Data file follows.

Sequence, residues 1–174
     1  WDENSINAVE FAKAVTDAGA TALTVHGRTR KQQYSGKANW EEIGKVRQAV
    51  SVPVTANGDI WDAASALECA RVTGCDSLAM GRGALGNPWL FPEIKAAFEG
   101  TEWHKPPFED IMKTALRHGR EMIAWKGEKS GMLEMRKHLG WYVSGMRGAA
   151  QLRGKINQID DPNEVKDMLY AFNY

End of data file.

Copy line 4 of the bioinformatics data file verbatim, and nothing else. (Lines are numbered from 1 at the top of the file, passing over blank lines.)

   101  TEWHKPPFED IMKTALRHGR EMIAWKGEKS GMLEMRKHLG WYVSGMRGAA